Jones v. Foote

Annotate this Case

165 Conn. 516 (1973)

CORNELIA JONES ET AL. v. FRANKLIN M. FOOTE, COMMISSIONER OF HEALTH

Supreme Court of Connecticut.

Argued October 9, 1973.

Decided December 4, 1973.

HOUSE, C. J., COTTER, LOISELLE, MACDONALD and BOGDANSKI, JS.

*517 Sydney T. Schulman, with whom, on the brief, was James W. Zion, for the appellants (named plaintiff et al.).

Bernard F. McGovern, Jr., assistant attorney general, with whom, on the brief, were Robert K. Killian, attorney general, and F. Michael Ahern, assistant attorney general, for the appellee (defendant).

COTTER, J.

The defendant, Franklin M. Foote, M.D., at the time of trial, was commissioner of health pursuant to the provisions of § 19-2 of the *518 General Statutes and was responsible, inter alia, for preventing and suppressing disease in Connecticut, administering state health laws and the public health code, preparing regulations which were incorporated into the code, and supervising the operation of the state department of health. General Statutes § 19-4. He also had supervision over "all matters concerning hairdressing and cosmetology" and the adoption of regulations for the administration and conduct of such business; he was responsible for and was required to "prescribe the course of training," and to license and supervise schools of hairdressing and cosmetology. General Statutes §§ 20-251, 20-262, 20-263.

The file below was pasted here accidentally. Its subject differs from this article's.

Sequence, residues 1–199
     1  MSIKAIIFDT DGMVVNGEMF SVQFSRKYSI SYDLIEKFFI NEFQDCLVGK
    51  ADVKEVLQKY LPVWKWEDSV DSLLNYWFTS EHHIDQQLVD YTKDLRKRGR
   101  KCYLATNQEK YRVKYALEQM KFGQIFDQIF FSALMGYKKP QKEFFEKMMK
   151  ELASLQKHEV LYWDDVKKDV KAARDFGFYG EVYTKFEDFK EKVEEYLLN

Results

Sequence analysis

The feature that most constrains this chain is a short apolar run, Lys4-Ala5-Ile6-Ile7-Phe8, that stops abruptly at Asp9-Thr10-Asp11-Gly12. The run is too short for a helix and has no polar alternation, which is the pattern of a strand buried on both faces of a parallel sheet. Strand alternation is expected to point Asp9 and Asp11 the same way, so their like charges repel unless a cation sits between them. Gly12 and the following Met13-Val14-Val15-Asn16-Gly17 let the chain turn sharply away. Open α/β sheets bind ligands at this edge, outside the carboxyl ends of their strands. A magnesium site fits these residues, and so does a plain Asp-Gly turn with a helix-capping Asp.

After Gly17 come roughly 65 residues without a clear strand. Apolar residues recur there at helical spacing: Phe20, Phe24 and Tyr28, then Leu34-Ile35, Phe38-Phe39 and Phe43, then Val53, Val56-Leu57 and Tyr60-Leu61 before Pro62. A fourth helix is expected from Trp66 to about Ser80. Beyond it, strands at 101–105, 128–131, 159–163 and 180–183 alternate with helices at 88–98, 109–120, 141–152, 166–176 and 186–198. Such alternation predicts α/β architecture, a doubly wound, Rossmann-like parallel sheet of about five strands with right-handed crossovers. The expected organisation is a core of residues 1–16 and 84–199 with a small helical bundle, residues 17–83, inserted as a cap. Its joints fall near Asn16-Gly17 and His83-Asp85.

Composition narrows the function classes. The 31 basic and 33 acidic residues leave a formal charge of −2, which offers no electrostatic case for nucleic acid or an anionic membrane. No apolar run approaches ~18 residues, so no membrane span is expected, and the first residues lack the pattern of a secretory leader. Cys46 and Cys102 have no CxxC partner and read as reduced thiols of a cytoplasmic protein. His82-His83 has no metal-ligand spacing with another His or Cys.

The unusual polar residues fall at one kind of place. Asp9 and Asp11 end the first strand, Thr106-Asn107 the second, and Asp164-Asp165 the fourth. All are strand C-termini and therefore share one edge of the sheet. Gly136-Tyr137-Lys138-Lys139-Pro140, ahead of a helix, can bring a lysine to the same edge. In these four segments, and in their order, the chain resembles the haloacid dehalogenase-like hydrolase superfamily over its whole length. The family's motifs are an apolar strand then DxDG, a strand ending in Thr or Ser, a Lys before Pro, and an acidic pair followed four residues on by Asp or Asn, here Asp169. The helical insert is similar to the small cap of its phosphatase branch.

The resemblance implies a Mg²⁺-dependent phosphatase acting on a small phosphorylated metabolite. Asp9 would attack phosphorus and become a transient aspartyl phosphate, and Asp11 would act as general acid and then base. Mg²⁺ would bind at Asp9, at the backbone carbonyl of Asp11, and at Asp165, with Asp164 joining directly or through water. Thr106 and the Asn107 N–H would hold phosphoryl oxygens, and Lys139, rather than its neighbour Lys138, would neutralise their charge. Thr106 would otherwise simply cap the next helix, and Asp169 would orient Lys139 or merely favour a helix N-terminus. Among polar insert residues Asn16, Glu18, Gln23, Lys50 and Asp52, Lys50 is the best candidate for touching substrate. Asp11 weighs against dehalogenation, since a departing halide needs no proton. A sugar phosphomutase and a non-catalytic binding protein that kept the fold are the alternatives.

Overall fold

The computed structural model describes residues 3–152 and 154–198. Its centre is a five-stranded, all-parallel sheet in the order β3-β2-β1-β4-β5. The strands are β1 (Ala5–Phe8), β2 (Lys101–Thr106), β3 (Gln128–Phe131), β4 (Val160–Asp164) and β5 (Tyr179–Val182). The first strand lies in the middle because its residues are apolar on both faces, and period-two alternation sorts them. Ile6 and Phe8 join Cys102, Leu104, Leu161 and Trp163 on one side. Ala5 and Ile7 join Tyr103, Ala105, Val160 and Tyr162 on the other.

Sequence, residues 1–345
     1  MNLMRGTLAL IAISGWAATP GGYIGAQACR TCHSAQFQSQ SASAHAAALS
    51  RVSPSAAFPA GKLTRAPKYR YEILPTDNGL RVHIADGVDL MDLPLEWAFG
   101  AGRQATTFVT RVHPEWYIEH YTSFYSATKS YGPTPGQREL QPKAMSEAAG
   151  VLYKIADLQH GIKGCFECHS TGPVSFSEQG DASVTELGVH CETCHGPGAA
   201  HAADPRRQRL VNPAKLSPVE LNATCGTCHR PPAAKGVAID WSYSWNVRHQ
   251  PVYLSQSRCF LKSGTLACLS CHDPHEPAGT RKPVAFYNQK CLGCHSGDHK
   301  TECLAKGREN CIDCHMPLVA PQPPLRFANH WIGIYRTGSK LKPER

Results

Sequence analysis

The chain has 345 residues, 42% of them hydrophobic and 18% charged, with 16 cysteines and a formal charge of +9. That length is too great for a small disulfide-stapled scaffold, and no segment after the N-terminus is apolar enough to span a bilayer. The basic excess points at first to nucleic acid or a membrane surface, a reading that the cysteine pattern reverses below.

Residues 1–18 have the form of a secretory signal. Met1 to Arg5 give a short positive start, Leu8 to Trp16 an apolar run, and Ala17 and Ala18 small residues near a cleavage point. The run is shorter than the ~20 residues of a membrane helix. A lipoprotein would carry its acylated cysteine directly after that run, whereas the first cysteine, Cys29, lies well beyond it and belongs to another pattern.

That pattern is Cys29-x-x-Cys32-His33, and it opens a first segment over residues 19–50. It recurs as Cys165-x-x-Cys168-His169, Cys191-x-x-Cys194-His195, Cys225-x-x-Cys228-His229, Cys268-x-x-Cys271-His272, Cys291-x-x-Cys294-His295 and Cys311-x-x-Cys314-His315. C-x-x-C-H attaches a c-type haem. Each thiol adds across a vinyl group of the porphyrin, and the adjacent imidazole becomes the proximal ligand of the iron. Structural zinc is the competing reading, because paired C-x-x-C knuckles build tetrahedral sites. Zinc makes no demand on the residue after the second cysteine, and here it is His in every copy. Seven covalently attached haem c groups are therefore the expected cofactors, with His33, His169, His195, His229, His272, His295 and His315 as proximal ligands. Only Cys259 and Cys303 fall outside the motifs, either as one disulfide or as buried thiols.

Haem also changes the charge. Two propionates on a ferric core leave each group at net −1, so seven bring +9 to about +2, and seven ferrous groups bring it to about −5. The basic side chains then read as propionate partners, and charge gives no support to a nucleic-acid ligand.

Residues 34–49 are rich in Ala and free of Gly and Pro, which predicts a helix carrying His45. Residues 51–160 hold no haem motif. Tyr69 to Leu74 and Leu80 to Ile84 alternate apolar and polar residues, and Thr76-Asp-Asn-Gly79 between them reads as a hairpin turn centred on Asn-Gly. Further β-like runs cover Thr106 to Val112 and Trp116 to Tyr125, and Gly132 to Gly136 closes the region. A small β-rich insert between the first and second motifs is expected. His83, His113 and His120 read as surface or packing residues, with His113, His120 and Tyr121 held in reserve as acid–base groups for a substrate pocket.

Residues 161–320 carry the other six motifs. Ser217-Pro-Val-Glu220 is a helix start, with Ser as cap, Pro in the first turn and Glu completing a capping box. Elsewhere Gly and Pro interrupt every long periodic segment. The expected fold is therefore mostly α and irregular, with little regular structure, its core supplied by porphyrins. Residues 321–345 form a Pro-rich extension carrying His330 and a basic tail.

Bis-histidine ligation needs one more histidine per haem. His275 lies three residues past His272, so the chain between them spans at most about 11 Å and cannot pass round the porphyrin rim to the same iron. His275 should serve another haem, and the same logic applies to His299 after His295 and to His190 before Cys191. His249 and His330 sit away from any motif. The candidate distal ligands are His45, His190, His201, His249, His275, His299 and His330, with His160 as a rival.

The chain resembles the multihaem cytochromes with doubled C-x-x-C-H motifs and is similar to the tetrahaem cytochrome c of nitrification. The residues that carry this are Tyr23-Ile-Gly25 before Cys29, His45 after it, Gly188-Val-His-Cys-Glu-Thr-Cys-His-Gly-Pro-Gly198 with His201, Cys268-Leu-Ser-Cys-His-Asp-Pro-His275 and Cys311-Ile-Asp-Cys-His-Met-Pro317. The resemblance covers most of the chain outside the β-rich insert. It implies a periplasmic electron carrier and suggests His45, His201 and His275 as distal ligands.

This matter arose from the commissioner's duties regarding the curricula of hairdressing and cosmetology schools and his responsibility to see that the courses of study did not violate fair employment practices under §§ 4-61d, 4-61f and 4-61g, upon which the plaintiffs rely.